Avocado-Salmon Mousse

Preparation time (not including waiting periods):

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Ingredients for 4 servings:

  • 120 g fresh salmon fillet
  • 250 g cream
  • 50 ml fish stock
  • Salt, pepper
  • 1 ripe avocado
  • 2 tbsp double cream cheese
  • 1-2 tbsp lemon juice
  • 6 sheets of gelatine or 1 sachet (9 g) of powdered gelatine (for 500 ml of liquid)

In addition:

  • Dill as a garnish


  1. Wash, pat dry and finely dice salmon fillet and freeze the diced fillet for approx. 30 minutes
  2. Soak gelatine in 2 separate bowls with 3 sheets per bowl or half a sachet. Whip cream and refrigerate. Purée diced salmon finely with an immersion blender, slowly adding the fish stock – stir in 1 tablespoon of cream
  3. Squeeze out 3 sheets of gelatine, dissolve lukewarm (or take swollen gelatine) and stir into the salmon cream. Then fold half of the cream into the mixture and season with salt and pepper
  4. Slice the avocado lengthwise, separate the two halves by rotating them in opposite directions and remove the avocado pit. Leaving the fruit in its skin, make cuts into the flesh of the avocado in a cross-hatch pattern and then remove the cubes with a tablespoon. Purée together with the cream cheese and lemon juice and also season with salt and pepper
  5. Squeeze out 3 sheets of gelatine, dissolve lukewarm (or take swollen gelatine) and stir into the avocado mixture and then fold in the remaining cream
  6. Fill both creams into small moulds (approx. 125 ml liquid) that have been rinsed with cold water and refrigerate for at least 2 hours
  7. To serve, unmould the small towers of cream and garnish with a sprig of dill. Goes well with a cucumber salad with watercress

Click here for more information on cooking and baking with gelatine.

Nutritional values per serving approx.:

  • Calories: 380
  • Joules: 1589
  • Protein: 12.3 g
  • Fat: 35.2 g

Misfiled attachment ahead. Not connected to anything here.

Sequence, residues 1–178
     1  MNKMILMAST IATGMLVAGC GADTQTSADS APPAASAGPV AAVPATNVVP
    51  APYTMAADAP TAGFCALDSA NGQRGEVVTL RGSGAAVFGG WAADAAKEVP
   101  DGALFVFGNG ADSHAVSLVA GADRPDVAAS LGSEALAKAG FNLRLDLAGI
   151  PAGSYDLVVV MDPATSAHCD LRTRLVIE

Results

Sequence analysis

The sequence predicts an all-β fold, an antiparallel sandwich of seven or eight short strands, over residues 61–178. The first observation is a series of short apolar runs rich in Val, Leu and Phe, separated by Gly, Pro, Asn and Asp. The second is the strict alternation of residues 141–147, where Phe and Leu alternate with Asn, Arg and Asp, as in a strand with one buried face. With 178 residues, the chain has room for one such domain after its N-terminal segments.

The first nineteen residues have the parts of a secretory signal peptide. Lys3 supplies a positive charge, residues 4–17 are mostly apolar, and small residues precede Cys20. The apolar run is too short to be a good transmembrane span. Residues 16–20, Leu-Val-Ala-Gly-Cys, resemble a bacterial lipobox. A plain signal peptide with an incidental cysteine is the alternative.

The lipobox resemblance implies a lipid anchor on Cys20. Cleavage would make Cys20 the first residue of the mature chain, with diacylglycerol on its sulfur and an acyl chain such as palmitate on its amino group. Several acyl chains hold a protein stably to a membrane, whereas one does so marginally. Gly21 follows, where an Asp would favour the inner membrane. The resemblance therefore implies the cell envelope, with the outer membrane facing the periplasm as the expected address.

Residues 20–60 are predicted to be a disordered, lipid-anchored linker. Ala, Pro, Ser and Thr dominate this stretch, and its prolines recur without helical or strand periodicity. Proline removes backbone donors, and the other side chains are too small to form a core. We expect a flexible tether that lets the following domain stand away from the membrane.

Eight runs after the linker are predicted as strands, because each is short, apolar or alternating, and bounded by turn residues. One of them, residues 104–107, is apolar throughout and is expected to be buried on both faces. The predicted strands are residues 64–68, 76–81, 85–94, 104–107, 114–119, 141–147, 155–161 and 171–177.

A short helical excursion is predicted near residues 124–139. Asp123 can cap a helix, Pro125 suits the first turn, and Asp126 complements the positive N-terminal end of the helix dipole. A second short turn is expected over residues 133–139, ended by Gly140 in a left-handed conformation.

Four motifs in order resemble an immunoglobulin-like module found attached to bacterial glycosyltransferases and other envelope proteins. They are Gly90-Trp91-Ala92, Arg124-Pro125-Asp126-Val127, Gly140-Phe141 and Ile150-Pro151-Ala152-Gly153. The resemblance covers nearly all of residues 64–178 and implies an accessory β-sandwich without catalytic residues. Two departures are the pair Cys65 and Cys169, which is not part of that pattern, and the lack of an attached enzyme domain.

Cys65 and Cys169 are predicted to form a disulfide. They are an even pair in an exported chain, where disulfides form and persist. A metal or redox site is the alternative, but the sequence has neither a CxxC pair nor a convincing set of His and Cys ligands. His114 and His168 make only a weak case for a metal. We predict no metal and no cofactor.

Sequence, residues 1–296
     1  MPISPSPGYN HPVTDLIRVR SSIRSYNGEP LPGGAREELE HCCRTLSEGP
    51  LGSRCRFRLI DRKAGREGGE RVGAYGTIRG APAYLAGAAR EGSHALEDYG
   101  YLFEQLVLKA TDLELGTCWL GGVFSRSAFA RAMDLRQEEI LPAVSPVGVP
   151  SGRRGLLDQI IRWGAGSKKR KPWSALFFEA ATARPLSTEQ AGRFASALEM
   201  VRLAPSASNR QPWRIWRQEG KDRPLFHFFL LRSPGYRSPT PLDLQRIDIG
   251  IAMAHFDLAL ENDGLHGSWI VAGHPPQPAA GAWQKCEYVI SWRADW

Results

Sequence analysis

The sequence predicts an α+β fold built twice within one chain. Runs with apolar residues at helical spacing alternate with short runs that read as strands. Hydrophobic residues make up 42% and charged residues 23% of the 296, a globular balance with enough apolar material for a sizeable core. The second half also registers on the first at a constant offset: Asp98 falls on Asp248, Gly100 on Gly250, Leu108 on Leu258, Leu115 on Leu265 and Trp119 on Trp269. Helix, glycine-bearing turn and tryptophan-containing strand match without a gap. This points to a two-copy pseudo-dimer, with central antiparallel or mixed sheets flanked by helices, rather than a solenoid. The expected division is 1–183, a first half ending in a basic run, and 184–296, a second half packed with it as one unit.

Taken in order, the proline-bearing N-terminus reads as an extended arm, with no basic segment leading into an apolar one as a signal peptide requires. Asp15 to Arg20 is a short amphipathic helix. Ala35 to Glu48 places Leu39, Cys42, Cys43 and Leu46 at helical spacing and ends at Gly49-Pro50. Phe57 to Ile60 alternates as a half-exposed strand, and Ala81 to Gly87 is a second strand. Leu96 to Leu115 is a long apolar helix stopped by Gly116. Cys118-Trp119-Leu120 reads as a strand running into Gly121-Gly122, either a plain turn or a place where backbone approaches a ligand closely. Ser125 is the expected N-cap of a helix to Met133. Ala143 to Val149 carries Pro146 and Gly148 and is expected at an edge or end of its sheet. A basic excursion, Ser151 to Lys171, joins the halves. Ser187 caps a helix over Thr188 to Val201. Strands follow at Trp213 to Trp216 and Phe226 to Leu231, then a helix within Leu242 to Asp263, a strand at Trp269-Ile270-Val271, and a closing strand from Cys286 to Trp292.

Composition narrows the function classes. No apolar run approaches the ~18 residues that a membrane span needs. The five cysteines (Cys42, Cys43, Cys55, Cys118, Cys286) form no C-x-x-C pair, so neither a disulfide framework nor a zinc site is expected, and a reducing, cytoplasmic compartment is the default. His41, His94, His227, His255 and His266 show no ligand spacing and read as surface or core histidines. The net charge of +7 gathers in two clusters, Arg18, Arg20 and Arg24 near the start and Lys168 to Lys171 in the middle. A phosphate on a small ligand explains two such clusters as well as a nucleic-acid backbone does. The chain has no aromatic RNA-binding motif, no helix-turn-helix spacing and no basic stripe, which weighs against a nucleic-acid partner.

• Carbohydrates: 4.4 g

Avocado – slender and healthy with the green “butter pear”

Even though the nutty taste of the avocado is more reminiscent of a vegetable, it is in fact a berry. It grows on the avocado tree, which is a member of the laurel family. Avocados are picked from the tree unripe and then delivered in this condition to stores worldwide. If an avocado is already soft at the time of purchase, the avocado has probably been at the store for a while and may have been handled by any number of hands. For this reason it is recommended to buy hard avocados and let them finish ripening at home. A very simple trick can be used to achieve this: just wrap the avocado in newspaper together with an apple. The apple emits ethylene, a so-called ripening gas that promotes ripening in all fruits. Despite supplying approximately 220 calories and 23 g of fat per 100 g of fruit, avocados are not considered one of the classic fattening foods. The many unsaturated fatty acids they contain may even help to reduce fat. The enzyme lipase, which controls the burning of fat during digestion, plays a lead role in this. Moreover, the fatty acids they contain increase the proportion of so-called good cholesterol (HDL) in the blood and, in doing so, simultaneously flush the bad cholesterol (LDL) out of the arteries. Avocados are also full of vitamins A, C and E as well as the valuable B vitamins.In order to reach the delicious flesh of the avocado, slice the fruit lengthwise and separate the two halves by rotating them in opposite directions. It is best to use a sharp knife when removing the pit. However, do not throw it away. It contains special enzymes that ensure that the cut pieces of avocado will remain fresh longer and will not turn brown. It is best to use a spoon to scoop the fruit away from the avocado skin. To ensure that the cut pieces of avocado remain green, store them together with the pit or sprinkle them with lemon juice. The same applies to a leftover half that is not intended for immediate use. Wrap cling film around the avocado half and its pit and store in a cool place.